International Guild of Knot Tyers Forum

General => New Knot Investigations => Topic started by: Kost_Greg on December 26, 2019, 10:12:11 PM

Title: A crossing knot link bowline
Post by: Kost_Greg on December 26, 2019, 10:12:11 PM
Or a two collar bowline, or a bowline with a crossing knot collar structure, or even a figure eight collar structure bowline.

A proper bowline this time, with a simple helical loop nipping component and a more complex collar system. One might wonder about the practicality of this knot, and what exactly is the crossing knot adding to the structure.
I would comment as follows:

1.The crossing knot link is adding more tail maneuvers to the bight structure, than a simple bight in a common bowline, putting three rope diameters in the nipping loop, enhancing security.

2.The final tucking of the WE under that X, which is formed by the nipping loop and the returning eye leg, adds more constriction and makes the knot TIB if we drive the WE down through the collar.

3.The two bights (collars) in front and back of the nipping loop, make the knot less prone to jamming, as the collars tend to "brake/bend" more easily after high tension.

There are several variations, depending on the chirality of the nipping loop and the crossing knot, as well as on the version of the bight structure (left right hand), but not all of them are TIB. It appears that the WE must exit from the side of the SP, to ensure the Tibness of the knot, as shown in fourth image.

Happy new knotting year!!
Title: Re: A crossing knot link bowline
Post by: Keystoner on December 28, 2019, 10:45:51 PM
If you can't tie a knot, tie a lot.

You're here so I'm pretty sure you're quite knowledgeable about knots but that sure seems like A LOT!
Title: Re: A crossing knot link bowline
Post by: Kost_Greg on December 29, 2019, 09:58:43 AM
Quote
If you can't tie a knot, tie a lot.

Thank you keystoner, this is a good advice for anyone who can't tie knots, but on the other hand, if you know too many, it might not be an easy task to pick one, which will serve you better for your purpose!

If i may, i'd like to add another saying from a great knotter of our time, i have heard recently.....

The curse of a knot tyer, is that he is doomed to an eternal, endless, labour-intensive searching among those "tie a lot" fuzzy tangles, in order to find the ultimate knot structure, his Philosopher's stone of knots!

Will he ever find it?............... Most probably never!  :)
Title: Re: A crossing knot link bowline
Post by: Keystoner on December 29, 2019, 03:58:35 PM
if you know too many, it might not be an easy task to pick one, which will serve you better for your purpose!
This is exactly my problem!  I'm a knot hound, I know a lot of knots, I love picking the brains of other knotters, but I don't have to tie them often so when confronted with a situation, I'm slow to choose, and most likely, I choose poorly.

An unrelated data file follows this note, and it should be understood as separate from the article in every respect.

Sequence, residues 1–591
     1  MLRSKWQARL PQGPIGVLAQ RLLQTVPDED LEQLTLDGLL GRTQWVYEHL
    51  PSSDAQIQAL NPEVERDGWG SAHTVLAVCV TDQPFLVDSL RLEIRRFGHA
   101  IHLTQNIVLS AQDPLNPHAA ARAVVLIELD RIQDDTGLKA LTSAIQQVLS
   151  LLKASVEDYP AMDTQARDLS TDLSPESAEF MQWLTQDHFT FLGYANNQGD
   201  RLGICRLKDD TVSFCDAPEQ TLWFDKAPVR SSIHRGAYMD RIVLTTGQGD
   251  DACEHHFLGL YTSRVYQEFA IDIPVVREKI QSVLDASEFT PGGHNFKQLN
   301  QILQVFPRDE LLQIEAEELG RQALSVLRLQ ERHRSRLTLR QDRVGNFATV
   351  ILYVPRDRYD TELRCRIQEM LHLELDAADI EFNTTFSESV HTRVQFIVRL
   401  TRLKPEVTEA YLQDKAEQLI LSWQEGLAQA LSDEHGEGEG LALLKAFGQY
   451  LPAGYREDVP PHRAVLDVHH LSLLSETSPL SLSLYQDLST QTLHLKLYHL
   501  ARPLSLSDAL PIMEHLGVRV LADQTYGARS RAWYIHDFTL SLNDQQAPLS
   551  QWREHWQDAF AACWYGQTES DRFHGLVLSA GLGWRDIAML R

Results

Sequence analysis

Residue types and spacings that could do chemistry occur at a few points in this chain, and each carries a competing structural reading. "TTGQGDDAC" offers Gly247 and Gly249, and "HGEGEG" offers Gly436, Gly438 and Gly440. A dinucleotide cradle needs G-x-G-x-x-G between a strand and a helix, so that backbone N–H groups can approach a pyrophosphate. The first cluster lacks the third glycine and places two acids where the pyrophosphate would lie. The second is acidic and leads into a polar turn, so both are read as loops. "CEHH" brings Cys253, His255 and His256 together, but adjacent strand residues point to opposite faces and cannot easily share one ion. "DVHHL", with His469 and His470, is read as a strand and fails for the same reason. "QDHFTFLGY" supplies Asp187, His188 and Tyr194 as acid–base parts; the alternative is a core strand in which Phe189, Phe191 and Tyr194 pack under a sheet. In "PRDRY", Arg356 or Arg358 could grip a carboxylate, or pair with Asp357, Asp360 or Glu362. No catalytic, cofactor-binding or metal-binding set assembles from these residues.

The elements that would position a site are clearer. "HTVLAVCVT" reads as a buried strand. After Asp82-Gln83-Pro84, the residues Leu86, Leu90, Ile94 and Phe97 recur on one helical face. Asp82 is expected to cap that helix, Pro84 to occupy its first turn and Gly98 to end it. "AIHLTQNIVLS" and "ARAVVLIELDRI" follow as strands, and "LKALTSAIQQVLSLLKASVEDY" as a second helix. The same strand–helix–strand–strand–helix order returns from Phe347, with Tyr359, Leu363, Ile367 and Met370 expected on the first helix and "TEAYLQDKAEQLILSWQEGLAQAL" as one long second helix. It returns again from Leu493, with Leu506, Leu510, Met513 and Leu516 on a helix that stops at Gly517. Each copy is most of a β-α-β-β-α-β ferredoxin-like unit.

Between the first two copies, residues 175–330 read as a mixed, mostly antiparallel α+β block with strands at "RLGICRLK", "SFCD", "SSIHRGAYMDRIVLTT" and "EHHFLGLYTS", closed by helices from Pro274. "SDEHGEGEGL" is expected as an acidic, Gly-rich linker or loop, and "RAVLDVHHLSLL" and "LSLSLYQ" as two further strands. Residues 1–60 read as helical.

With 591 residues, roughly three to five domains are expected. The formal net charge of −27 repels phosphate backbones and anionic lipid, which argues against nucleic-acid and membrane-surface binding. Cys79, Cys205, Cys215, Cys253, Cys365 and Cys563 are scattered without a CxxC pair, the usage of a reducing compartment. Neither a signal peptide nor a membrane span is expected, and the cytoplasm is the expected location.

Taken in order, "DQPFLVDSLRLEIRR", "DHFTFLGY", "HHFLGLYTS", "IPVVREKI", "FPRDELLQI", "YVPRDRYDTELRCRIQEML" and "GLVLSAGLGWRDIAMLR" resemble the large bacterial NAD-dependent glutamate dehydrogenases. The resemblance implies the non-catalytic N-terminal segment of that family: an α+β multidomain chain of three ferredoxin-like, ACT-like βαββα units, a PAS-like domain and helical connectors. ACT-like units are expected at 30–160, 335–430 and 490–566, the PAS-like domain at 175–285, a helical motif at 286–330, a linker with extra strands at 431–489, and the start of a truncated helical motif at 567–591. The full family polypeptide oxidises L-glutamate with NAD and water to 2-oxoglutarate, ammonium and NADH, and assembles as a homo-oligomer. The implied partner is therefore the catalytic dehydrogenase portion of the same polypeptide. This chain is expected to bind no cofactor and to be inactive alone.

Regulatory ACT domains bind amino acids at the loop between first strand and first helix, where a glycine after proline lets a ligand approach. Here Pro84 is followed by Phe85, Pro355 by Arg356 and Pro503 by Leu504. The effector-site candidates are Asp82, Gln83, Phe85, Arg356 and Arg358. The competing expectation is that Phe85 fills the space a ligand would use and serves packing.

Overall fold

Title: Re: A crossing knot link bowline
Post by: Kost_Greg on December 30, 2019, 01:58:32 AM
I see what you mean, i have also confronted with such situations. For instance, once before, i had incorporated an inline directional  figure, 8 in a trucker's  hitch system to secure a load on my truck. That was prooved to be a poor choice for me, as the directional figure 8 was not so easy to untie afterwards.

I would say that i am a bowline-oriented type of guy, for easy untying, so i have narrowed the bandwidth. Even so, there are still plenty of bowlines to choose, from the very simple for every day work, till the more complex with two or three lines of defence against slippage, and everything in between, depending on the application. Of course, there are alternative knots, other than bowlines, that can handle heavy loading, so it might be a subjective decision which one to use, that best meets your needs!
Title: Re: A crossing knot link bowline
Post by: Kost_Greg on January 04, 2020, 05:08:10 PM
Getting back in the original post, this is a depiction of a double version of the previous bowline. The difference is that the WE, is not being tucked now under that X, formed by the nipping loop and the returning eye leg, but down through the crossing knot collar just before forming the second eye of the knot. It then follows the line of the first eye, exiting from the bowline collar, in a parallel configuration to the SP.

A nice TIB double loop, with the same properties as mentioned previously, tied "in the end", but also tiable in the bight.
Title: Re: A crossing knot link bowline
Post by: enhaut on January 04, 2020, 11:49:59 PM
Nice one!
I have not tied it yet but I felt that your photos deserved an appreciation!
The all-important light background is indeed helping the definition of the form.
Good choice!
Title: Re: A crossing knot link bowline
Post by: Kost_Greg on January 05, 2020, 02:14:36 AM
Thanks Enhaut, it looks like i have found a door, more like a porch facing west (indeed it's west :)). Brave enough to defy the wintery conditions, (not snowy but it is bitter cold outside), and make the most of the psysical lighting, late in the day, in order to capture this tangle.